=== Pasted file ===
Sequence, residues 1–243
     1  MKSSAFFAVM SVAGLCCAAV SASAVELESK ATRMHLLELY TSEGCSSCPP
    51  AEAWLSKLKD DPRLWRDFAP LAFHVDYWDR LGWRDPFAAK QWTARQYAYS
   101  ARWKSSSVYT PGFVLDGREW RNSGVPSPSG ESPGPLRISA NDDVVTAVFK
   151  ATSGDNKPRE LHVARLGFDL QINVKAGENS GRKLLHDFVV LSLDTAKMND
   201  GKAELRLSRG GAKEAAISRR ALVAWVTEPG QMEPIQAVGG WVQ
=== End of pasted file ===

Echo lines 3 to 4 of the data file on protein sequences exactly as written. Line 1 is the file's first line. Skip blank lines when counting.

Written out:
    51  AEAWLSKLKD DPRLWRDFAP LAFHVDYWDR LGWRDPFAAK QWTARQYAYS
   101  ARWKSSSVYT PGFVLDGREW RNSGVPSPSG ESPGPLRISA NDDVVTAVFK